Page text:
WINSTON-SALEM, N.C. — Improving confidence and self-esteem with a clean set of pearly whites is something Dr. Malik Johnson takes pride in every day.
“We do fill-ins, we have hygienists who do your cleanings, we’ll do root canals, we’ll do crowns, we’ll do extractions, pretty much everything,” Dr. Johnson said.
Dr. Johnson is a new general dentist at Eric J. Sadler DDS& Associates in Winston-Salem. His interest in dentistry sparked in high school after breaking his front teeth during a game of basketball.
“I had a general dentist back in Charlotte where I’m from who gave me crowns on my front two teeth, and I remember feeling like I had lines on my teeth to feeling like I had a beautiful smile again,” Dr. Johnson said. “I felt confident. I kind of fell in love with the idea of being a dentist and giving people that warm fuzzy feeling.”
The road to success wasn’t easy. According to the American Dental Association, less than 4% of dentists in the U.S. are Black, compared to more than 70% of their white counterparts. Dr. Johnson attributes much of his success to his boss Dr. Eric Sadler who is the owner of the practice where he currently works.
“Dr. Sadler just in general is really big on mentorship and giving back, especially the people who look like us,” Dr. Johnson said. “I remember being in college undergrad and Dr. Sadler helped me out with my dental school applications, somebody who wrote letters of recommendation for me. He was somebody who took me to conferences.”
Dr. Sadler said a diverse dental workforce is critical to creating equal access to quality care, citing cultural competence and understanding.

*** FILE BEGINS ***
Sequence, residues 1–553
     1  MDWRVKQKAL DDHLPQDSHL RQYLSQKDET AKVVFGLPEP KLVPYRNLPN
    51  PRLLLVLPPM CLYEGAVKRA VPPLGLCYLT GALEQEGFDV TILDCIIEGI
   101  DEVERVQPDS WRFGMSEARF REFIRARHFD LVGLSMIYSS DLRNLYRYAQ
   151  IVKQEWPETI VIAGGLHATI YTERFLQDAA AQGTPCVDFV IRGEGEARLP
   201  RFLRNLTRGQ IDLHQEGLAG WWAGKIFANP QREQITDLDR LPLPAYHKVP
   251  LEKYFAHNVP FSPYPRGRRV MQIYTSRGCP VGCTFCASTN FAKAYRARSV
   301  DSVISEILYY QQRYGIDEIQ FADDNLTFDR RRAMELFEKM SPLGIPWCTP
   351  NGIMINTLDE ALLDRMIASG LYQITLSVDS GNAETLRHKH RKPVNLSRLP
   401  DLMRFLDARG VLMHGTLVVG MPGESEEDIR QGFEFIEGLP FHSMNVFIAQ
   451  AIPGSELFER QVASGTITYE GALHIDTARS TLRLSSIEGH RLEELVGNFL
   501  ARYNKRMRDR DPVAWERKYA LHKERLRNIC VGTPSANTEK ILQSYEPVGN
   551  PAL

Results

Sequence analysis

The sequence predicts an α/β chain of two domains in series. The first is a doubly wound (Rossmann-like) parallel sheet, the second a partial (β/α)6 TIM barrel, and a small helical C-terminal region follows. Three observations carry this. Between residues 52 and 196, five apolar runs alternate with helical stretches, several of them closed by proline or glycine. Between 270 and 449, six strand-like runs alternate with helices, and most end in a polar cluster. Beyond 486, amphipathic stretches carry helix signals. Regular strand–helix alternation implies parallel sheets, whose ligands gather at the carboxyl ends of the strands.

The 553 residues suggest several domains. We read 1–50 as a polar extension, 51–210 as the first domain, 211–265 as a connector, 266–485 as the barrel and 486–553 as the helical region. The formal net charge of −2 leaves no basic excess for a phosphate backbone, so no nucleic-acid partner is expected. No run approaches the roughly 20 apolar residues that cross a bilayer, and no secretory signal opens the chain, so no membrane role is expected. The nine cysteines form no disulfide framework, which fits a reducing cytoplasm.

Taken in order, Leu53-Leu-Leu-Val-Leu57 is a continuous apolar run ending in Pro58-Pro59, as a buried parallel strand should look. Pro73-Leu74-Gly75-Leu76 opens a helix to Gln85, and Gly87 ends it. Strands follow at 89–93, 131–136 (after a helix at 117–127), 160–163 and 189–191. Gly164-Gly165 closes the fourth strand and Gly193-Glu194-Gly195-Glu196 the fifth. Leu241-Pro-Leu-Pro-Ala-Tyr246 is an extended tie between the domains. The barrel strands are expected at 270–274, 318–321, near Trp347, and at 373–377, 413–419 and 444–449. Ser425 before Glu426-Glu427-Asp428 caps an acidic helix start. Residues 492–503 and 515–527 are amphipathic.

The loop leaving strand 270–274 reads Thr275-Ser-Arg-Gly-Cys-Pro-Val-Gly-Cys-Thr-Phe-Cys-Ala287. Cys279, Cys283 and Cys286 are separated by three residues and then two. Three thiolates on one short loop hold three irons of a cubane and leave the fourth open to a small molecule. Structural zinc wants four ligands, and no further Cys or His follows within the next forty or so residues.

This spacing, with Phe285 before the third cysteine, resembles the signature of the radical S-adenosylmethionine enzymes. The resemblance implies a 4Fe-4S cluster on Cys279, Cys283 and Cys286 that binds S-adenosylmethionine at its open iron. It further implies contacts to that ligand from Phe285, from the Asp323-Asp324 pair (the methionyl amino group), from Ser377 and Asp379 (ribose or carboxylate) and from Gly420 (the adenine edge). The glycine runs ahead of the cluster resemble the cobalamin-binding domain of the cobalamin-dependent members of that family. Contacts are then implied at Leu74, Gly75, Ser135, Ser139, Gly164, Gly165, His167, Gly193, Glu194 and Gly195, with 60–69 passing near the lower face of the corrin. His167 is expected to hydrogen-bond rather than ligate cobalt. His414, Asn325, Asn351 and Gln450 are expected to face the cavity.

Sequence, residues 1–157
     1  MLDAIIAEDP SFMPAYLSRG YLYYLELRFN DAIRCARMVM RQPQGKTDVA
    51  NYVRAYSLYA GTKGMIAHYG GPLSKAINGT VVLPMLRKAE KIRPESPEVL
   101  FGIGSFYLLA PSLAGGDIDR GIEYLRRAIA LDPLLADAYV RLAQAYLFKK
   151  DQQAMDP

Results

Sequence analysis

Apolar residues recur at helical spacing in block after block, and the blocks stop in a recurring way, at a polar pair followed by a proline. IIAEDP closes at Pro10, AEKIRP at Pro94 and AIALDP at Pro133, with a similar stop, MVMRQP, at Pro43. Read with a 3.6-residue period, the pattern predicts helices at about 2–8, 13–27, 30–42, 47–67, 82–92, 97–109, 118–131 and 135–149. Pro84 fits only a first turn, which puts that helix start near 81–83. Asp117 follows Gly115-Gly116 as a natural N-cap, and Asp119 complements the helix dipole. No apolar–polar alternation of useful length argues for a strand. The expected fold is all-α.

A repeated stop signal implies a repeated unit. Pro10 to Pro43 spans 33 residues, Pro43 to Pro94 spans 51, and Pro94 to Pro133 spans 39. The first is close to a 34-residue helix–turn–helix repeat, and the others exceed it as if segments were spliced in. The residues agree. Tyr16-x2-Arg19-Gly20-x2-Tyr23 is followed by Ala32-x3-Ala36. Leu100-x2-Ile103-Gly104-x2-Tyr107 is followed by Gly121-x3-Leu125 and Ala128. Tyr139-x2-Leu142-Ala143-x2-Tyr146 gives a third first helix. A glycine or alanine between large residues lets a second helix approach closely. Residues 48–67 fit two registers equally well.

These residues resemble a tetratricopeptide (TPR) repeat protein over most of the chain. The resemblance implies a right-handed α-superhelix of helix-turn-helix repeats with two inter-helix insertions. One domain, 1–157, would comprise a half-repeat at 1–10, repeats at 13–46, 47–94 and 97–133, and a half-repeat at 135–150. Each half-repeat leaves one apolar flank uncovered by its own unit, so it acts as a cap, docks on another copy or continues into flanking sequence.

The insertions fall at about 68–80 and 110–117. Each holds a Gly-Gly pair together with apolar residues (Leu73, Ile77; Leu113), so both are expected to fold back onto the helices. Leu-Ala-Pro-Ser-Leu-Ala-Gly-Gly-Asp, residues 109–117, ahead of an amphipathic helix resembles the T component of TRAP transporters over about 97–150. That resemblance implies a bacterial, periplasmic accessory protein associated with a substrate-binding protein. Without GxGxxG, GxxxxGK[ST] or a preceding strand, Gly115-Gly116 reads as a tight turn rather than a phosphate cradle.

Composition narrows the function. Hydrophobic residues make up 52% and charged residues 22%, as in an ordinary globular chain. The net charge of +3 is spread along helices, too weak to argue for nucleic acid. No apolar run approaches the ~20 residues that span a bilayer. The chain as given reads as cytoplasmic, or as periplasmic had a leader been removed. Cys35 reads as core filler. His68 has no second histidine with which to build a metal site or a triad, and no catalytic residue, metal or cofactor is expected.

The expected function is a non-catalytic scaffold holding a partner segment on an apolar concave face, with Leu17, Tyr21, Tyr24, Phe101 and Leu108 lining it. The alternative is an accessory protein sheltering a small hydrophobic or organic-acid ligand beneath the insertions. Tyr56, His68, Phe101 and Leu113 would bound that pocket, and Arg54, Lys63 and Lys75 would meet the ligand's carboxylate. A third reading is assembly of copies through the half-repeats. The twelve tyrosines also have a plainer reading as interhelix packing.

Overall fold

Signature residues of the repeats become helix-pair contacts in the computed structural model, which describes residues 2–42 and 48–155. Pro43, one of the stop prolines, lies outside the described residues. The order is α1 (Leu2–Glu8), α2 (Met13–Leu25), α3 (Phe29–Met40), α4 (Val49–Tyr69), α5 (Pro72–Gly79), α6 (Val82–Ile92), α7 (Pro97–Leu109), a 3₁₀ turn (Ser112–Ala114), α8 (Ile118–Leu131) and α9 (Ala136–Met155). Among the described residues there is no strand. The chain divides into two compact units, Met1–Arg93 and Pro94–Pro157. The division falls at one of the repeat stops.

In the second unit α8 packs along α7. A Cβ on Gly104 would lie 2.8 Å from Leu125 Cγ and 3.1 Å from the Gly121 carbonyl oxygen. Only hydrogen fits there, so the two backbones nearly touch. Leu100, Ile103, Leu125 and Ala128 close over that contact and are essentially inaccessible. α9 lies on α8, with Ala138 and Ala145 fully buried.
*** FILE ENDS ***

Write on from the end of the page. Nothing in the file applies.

“The main thing, I think patients want to go to someone who they can identify with,” Dr. Sadler said. “There is a trust factor there.”
He said the lack of Black dentists essentially boils down to exposure and dental school admissions.
“You have a lot of qualified students here, but they are just not getting into the schools,” Dr. Sadler said. “You have a higher majority of students going to Howard or Meharry University, but you don’t have a lot of students getting into the predominantly white universities. Usually, you see maybe up to 10% that get into the schools, and that’s a great number when it does happen. It doesn’t happen every year."
From mentorship to partnership, Dr. Johnson and Dr. Sadler hope their bond will not only produce healthy smiles but improve diversity in the field they love most.
“We sometimes have to work twice as hard to get to where we need to be,” Dr. Johnson said. “I think we need to continue to have these conversations, show people what it’s like in the profession and encourage them that if you work hard, you can be here too.”
Dr. Sadler encourages young people interested in the medical field to reach out to a local provider for advice and mentorship.
Source: WFMY News